Another Secret Service Scandal in Which Agents Did Something Perfectly Legal

Reporting on Politics and Policy.
April 26 2012 10:33 AM

Another Secret Service Scandal in Which Agents Did Something Perfectly Legal

Please do not interpret my headline as a knock on Chris Halsn's sleuthing. He finds an eyewitness who, in 2011:

David Weigel David Weigel

David Weigel is a Slate political reporter. 

joined about a dozen Secret Service agents and a few U.S. military specialists at a strip club in San Salvador a few days before President Obama and his family arrived in El Salvador.
Advertisement

My emphasis. The president was not in the country yet. They didn't abandon their posts, which seems relevant here.

The scoop continues:

This source witnessed the majority of the men drink heavily ("wasted," "heavily intoxicated") at the strip club. He says most of the Secret Service "advance-team" members also paid extra for access to the VIP section of the club where they were provided a number of sexual favors in return for their cash.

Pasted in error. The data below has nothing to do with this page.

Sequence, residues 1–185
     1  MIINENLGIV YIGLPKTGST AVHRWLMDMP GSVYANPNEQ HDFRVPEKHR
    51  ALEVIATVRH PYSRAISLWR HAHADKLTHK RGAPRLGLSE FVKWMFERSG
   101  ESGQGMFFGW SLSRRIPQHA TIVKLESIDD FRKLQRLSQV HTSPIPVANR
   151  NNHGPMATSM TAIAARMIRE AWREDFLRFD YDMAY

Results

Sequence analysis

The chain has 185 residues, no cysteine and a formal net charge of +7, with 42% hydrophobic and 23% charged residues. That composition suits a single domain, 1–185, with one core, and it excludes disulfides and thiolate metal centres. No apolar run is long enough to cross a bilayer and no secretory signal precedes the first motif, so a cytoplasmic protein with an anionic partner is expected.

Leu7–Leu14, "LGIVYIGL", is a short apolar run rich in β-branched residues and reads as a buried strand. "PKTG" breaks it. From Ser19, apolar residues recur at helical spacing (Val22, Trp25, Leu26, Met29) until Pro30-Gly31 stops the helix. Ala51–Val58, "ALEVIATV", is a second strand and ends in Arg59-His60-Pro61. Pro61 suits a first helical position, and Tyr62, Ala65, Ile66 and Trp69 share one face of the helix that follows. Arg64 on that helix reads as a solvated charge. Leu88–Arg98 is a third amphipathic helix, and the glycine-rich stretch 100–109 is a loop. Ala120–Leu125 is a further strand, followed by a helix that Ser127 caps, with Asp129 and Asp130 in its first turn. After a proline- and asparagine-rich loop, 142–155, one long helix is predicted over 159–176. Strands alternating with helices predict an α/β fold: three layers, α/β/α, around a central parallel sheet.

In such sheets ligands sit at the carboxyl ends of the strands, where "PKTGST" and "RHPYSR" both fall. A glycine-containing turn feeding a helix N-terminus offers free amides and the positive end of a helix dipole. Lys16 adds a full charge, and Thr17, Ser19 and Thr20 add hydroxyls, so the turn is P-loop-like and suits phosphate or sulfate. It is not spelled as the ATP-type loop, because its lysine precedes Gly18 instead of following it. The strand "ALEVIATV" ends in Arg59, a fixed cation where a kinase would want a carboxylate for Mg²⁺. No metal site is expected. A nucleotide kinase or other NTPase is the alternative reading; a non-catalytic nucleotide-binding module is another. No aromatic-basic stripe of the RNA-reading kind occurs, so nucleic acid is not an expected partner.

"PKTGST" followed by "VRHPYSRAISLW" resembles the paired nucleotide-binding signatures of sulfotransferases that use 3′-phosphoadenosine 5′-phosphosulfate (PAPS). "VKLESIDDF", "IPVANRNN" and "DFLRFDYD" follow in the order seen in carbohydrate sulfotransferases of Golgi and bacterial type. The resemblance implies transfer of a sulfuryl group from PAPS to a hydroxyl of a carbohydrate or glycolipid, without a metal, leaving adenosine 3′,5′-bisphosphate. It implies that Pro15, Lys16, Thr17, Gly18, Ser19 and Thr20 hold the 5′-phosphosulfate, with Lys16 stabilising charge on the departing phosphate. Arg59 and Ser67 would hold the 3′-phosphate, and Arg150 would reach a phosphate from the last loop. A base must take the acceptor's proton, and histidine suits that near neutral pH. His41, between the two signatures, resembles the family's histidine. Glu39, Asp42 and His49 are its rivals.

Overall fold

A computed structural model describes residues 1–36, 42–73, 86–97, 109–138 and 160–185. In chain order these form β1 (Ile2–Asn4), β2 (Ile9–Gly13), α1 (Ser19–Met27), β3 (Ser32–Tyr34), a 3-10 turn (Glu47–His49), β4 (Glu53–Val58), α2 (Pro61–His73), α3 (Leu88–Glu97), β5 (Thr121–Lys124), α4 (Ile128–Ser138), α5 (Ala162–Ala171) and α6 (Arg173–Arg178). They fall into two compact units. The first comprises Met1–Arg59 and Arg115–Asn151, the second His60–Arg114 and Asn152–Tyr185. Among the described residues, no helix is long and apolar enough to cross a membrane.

What are the offenses here? The men drank alcohol, which is legal in El Salvador. They patronized a strip club: Also legal in El Salvador. They paid for sex. This, too, is legal in El Salvador, as it is in Colombia.

My former colleague Tim Noah, taking the occasional respite from his inequality-blogging, has been drilling down into the coverage of this scandals. There are real questions about discretion and whether agents can be compromised with stupid behavior. This is being outmatched by some high dudgeon of the Captain Renault variety -- why, aren't the agents who protect the president and his family (and, for a few days more, Newt Gingrich) supposed to be taciturn Clint Eastwood types who can resist any temptation?

In pop culture, the Secret Service agent is either beyond reproach, or he dies. In The West Wing, for example, an agent played by Mark Harmon protects White House spox C.J. Cregg and foils the plot against her. Alas! He falls in love with her, they go on a date, and when he ducks into a convenience store for a second, he's shot. The Secret Service agent is portrayed as a cross between Samson and a court eunuch, whose power depends on self-denial. So for scandal-furthering purposes, it doesn't matter that the partyin' agents on Mission: El Salvador managed to do their jobs.

David Weigel is a Slate political reporter.